Never satisfied with getting involved with just one author at a time, I started Murasaki Shikibu’s The Tale of Genji last night. It’s a work about which I know very little, but which I’ve been wanting to read ever since checking out Fumiko Enchi’s Masks; that latter novel’s grounding in Noh means that it also looks to Murasaki’s tale, which provided Japanese theater with a number of characters.
Genji has a fan base that’ll root for its claim to the title of world’s first novel– and, having only read a couple of chapters so far, I’m going to comment not on this particular novel itself, but on its translator’s thoughts on that literary form. Edward G. Seidensticker gives a go at defining the genre “as the form of prose narrative in which the emphasis is upon characterization rather than upon plot–on believable characters in believable relationships.”* Fine as that goes, I suppose, but it seems you’d have to dismiss a gigantic slew of bad fiction from the category “novel” if that’s your only criterion.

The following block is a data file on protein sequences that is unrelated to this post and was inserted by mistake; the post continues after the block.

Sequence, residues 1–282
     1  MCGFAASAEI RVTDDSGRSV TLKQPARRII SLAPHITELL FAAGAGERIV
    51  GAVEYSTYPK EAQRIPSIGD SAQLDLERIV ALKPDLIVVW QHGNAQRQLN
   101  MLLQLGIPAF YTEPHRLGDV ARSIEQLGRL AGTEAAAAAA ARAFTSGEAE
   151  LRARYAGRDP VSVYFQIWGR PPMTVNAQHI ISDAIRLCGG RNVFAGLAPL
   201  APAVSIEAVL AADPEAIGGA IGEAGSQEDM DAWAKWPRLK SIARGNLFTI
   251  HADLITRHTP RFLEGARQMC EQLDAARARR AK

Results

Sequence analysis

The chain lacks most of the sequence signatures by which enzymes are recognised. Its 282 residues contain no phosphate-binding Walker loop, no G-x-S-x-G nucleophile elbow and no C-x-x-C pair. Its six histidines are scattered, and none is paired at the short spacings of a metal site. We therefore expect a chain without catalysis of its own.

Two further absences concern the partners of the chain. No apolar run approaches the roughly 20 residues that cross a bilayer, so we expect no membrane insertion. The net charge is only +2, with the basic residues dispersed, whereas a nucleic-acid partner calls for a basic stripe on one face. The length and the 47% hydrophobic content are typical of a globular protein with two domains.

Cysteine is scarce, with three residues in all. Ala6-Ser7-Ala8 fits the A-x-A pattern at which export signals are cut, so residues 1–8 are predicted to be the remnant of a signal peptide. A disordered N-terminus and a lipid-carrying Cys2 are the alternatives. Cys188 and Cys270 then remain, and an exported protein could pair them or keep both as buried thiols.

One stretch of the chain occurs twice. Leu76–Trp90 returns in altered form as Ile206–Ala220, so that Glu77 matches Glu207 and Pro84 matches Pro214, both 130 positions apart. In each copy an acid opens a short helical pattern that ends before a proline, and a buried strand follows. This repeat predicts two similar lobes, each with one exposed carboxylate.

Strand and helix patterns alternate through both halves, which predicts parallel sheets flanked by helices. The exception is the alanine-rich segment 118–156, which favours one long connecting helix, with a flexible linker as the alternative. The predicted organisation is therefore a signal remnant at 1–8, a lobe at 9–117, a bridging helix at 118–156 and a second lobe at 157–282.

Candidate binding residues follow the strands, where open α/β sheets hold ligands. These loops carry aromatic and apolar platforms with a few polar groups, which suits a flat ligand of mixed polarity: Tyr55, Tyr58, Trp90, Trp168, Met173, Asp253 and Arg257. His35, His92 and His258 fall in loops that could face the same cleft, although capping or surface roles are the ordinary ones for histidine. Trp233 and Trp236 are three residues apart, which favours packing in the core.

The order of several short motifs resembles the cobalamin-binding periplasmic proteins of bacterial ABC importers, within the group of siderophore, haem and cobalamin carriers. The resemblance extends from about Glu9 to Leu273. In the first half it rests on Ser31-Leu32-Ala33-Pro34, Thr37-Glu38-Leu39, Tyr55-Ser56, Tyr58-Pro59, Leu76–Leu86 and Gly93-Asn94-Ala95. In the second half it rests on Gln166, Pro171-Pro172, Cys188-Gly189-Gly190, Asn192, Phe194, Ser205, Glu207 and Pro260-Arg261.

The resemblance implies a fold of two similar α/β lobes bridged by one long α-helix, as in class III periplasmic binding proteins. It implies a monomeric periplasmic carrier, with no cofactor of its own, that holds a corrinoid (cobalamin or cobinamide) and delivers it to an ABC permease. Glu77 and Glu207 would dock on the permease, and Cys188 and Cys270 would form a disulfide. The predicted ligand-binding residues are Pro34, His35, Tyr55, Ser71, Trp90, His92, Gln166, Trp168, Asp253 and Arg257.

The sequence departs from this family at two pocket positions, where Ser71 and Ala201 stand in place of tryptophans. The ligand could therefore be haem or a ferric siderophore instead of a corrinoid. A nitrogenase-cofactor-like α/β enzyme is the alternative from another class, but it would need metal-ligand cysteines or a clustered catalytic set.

Odder to my mind is the assertion Seidensticker makes on the next page. After letting us know how difficult it was to deal with Genji‘s intricate means of referring to characters in lieu of just giving them names, the translator tells us that “[t]he Western tradition requires that fictional characters have solid, unshakable names.”** Maybe Seidensticker just didn’t want to go into how very different Genji‘s methods are from “the Western tradition’s,” but as presented, I wondered how he could make such a statement in 1984, in the wake of, say, Nathalie Sarraute or other “experimental” writers. And the practice of being not quite forthcoming or obvious with character-handles won’t even cause a novel-reader to raise an eyebrow these days. Have we smashed “the Western tradition” to bits, then, in the last few decades– or did Seidensticker just want to make a point about the difficulty of translating this particular book without getting led down a bunch of unnecessary literary side alleys?
Maybe once I’ve finished this classic, I’ll be able to relate a bit better to its translator’s claims. But for now, I’ll sit with my skepticism, and hole up with the tale he’s made it possible for me to understand.
* Murasaki Shikibu, The Tale of Genji, transl. Edward G. Seidensticker (New York: Vintage Classics, 1990), xiv.
** ibid., xv.